AbstractThis thesis analyses the developments made between 1660 and 1688 that contributed towards the Royal Navy becoming a more professionalised organisation. It outlines the impact of individuals and their methods towards achieving professionalisation. The political and financial problems facing the navy before the restoration of the monarchy are also addressed. Biographical case studies of three influential naval reformers; James Stewart, The Duke of York; William Coventry; and Samuel Pepys are used to demonstrate the significant influence that they had on the process of professionalization.
This thesis ascertains that although the terminology had not been invented at this stage, the principles of Management Control were implemented by Pepys, Coventry and the Duke of York as a method of organizational professionalisation, identifying examples of performance measurement, rewards systems and the implantation of standard operating procedures.
An in-depth analysis of the Duke of York’s instructions for the duties of the Principal Officers demonstrates that the Duke of York introduced enhanced accounting procedures and additional control mechanisms to reduce abuses and increase administrative efficiency.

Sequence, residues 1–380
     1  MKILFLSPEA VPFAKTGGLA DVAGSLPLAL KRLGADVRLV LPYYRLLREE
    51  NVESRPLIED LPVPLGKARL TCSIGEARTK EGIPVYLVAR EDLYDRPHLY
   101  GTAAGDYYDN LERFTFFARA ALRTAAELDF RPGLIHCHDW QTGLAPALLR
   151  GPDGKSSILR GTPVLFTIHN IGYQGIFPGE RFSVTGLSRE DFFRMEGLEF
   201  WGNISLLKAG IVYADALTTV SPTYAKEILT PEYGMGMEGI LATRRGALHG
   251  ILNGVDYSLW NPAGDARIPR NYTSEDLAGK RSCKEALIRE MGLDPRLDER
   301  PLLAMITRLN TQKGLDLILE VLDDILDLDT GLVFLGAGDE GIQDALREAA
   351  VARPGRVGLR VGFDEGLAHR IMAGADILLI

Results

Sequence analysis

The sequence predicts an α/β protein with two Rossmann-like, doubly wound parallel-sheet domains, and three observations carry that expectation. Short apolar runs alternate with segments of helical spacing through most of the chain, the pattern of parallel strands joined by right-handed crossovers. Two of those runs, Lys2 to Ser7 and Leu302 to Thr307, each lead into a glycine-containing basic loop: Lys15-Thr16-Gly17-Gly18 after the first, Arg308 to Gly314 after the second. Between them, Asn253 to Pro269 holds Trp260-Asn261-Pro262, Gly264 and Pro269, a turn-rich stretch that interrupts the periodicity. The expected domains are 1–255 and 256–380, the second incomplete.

Additionally, a set of professional responsibilities has been created within this thesis for Coventry, whose role as secretary is absent from the instructions. This shows for the first time, that Coventry identified his professional remit as focusing primarily on retrenchment and the reduction of abuses. This contributed towards wider professionalisation.
This thesis has also analysed the historiographical debates surrounding the characters of the Duke of York and William Coventry. Because both individuals had controversial private lives, the literature is frequently biased, therefore a fair assessment is reached in this thesis through a survey of the primary evidence and secondary literature. Finally, Samuel Pepys can also be seen to contribute towards the restoration administration’s aim to reduce abuses and implement accounting procedures to increase professionalisation. In order to ascertain how professionalised the navy was by the end of 1688; a review of the current theoretical understanding of the definition of ‘professionalisation’ was undertaken. A new conceptual framework for the definition of professionalisation with a set of criteria was developed that is applied to the 3 case studies.
Finally, this thesis has established that the period of the late seventeenth century could be the first time that England is accurately described as being a ‘fiscal-military state’ because it has become a powerful military capable state, supported by efficient administrative procedures and the ability to secure the revenue required to enable it to engage in war. Previous studies by Brewer (1989) and Rodger (2011) have given the 18th century as the starting point of Britain becoming a ‘fiscal-military state’.
|Date of Award||Sep 2020|
|Supervisor||Karen McBride (Supervisor) & Anthony Hines (Supervisor)|